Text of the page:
Original Article

Pure Mucinous Breast Carcinoma With a Favorable Tumor Biology and Clinical Outcomes


  • Selman Emiroglu
  • Mustafa Tukenmez
  • Seyma Karakus
  • Hasan Karanlik
  • Semen Onder
  • Vahit Ozmen
  • Neslihan Cabioglu
  • Enver Ozkurt
  • Ravza Yilmaz
  • Mahmut Muslumanoglu

Received Date: 27.08.2022 Accepted Date: 09.09.2022 Eur J Breast Health 2022;18(4):353-359 PMID: 36248750


A few studies suggest that mucinous breast carcinoma (MBC) is a rare breast carcinoma with good prognostic features. Therefore, the aim of this study was to evaluate biological features and clinicopathological characteristics of pure mucinous breast carcinoma (PMBC) to determine clinical outcome in PMBC.

Materials and Methods:

The data of 87 patients diagnosed with PMBC between November 2004 and February 2022 were retrospectively analyzed in terms of clinicopathological and demographic characteristics, management, and outcome.


The majority of the patients in this study were female, with a median (range) age of 63 (28–90) years. Out of 87 patients, 60 had breast conserving surgery, 27 had a mastectomy, 58 had sentinel lymph node biopsy (SLNB), and 24 had axillary dissection due to a positive SLNB or clinical axilla. Due to age and comorbidities, five patients were not suitable for axillary surgery. The median largest tumor diameter was 23 (5–100) mm. Only 23 patients (26.4%) received adjuvant chemotherapy, whereas almost all patients received hormone therapy. The median duration of follow-up was 53 (6–207) months. There was no local or systemic recurrence in any of the patients. Only 10 patients (11.5%) died from non-cancer causes during the follow-up and treatment period. In this study, tumor diameter was significantly higher in grade II/III tumors (p = 0.039) and in patients under the age of 50 (p = 0.027). Furthermore, lymph node metastasis was statistically significantly more likely in patients under the age of 50 (60% versus 40%, p = 0.013). Patients who had not received chemotherapy or radiotherapy tended to be older than 50 years (p = 0.002).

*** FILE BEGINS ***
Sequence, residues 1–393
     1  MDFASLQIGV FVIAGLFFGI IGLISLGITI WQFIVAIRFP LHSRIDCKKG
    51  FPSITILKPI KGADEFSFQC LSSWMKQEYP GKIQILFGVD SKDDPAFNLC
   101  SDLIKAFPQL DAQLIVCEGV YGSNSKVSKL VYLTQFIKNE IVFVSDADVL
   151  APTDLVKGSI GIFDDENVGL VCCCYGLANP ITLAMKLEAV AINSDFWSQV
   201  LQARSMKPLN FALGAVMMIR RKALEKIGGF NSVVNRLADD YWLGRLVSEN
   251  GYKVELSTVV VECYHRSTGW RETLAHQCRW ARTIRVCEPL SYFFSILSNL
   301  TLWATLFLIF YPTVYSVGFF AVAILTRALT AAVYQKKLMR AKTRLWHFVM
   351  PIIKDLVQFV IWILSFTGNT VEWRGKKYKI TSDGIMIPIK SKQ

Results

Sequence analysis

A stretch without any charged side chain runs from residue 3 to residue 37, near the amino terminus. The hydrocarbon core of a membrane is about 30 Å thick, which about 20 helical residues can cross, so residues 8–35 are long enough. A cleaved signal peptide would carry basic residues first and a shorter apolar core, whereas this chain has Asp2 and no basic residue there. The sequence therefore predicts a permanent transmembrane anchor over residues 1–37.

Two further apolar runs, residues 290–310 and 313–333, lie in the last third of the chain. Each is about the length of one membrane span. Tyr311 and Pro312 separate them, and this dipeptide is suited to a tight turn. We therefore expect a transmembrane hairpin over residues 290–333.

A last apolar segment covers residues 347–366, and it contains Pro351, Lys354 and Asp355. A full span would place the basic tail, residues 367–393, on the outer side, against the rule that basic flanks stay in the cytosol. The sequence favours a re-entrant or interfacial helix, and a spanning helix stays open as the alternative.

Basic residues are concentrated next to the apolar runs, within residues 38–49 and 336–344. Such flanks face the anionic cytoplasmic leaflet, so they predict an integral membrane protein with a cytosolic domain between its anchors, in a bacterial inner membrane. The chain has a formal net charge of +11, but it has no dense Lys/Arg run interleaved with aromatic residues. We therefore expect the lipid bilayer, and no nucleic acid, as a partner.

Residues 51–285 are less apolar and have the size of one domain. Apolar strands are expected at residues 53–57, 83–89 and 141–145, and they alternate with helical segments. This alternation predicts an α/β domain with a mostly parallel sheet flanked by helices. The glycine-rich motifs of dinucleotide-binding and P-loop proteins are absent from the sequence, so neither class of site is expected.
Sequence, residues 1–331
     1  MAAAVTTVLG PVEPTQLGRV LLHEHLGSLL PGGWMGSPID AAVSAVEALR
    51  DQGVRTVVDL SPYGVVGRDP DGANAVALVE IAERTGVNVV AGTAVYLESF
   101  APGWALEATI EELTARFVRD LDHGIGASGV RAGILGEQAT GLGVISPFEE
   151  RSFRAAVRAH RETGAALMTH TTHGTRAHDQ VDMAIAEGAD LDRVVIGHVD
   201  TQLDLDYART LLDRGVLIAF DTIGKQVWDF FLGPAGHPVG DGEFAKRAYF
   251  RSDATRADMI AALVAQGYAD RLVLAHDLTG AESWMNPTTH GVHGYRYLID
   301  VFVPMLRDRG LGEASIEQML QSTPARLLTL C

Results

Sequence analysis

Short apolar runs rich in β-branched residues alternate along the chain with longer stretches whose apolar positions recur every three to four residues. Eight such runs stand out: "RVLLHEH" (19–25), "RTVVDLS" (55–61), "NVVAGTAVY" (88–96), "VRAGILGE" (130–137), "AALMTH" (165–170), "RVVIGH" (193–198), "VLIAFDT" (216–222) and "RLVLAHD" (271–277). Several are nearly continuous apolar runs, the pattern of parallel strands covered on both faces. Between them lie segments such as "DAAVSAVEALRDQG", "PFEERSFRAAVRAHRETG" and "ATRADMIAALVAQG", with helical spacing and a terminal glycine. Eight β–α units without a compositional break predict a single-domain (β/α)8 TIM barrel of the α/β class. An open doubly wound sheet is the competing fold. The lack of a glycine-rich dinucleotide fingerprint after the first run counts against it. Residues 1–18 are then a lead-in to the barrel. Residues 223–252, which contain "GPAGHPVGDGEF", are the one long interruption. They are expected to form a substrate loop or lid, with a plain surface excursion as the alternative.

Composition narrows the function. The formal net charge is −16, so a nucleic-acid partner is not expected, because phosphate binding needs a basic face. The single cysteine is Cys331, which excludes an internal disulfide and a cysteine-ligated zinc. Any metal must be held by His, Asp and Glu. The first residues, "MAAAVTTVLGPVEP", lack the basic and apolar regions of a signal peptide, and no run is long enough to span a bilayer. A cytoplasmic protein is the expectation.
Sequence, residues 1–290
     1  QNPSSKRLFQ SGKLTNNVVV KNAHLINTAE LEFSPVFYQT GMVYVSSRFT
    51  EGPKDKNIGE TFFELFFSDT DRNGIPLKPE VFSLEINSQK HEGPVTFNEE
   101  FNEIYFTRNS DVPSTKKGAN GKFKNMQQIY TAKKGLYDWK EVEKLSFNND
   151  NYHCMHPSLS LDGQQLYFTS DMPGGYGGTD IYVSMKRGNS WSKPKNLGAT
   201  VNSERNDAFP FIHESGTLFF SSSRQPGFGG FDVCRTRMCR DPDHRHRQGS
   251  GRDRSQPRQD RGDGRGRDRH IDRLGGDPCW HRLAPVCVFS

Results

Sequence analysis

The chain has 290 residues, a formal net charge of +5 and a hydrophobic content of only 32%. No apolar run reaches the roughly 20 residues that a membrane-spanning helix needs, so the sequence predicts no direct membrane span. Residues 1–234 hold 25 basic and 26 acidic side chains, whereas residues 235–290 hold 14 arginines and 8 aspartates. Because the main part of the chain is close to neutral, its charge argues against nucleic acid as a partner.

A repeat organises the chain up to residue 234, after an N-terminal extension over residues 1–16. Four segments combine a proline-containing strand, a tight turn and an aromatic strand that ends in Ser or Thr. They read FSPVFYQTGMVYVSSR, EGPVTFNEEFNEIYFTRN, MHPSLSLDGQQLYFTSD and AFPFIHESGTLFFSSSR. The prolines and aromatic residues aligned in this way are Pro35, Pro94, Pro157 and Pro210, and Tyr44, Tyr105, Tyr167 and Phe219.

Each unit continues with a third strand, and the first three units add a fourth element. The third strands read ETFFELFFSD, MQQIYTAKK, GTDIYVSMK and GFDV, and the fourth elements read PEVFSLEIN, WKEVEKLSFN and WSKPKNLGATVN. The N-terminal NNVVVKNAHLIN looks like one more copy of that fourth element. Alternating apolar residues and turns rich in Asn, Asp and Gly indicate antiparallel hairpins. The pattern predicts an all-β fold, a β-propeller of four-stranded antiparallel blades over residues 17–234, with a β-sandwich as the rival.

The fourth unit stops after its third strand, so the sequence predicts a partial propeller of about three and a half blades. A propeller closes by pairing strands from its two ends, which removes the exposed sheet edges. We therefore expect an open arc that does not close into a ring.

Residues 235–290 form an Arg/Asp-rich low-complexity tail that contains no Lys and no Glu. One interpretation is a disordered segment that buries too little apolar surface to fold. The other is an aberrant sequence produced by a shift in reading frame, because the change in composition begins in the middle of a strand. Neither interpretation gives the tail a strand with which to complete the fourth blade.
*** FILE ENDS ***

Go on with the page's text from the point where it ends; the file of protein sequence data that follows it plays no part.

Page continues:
In this study, the majority of patients were in the luminal subgroups with excellent prognosis and low incidences of lymph node metastasis. As a result, PMBC has favorable tumor biology. We believe that minimal axillary surgery would be the most appropriate approach during patient treatment, due to the low rate of lymph node involvement and favorable prognosis in PMBC patients.

Keywords: Mucinous carcinoma, molecular subtype, prognosis

Key Points

• Few studies suggested that mucinous breast carcinoma is a rare breast carcinoma with good prognostic factors. Therefore, in this study, biologic features and clinicopathological characteristics of pure mucinous breast carcinoma were investigated to determine its clinical outcome.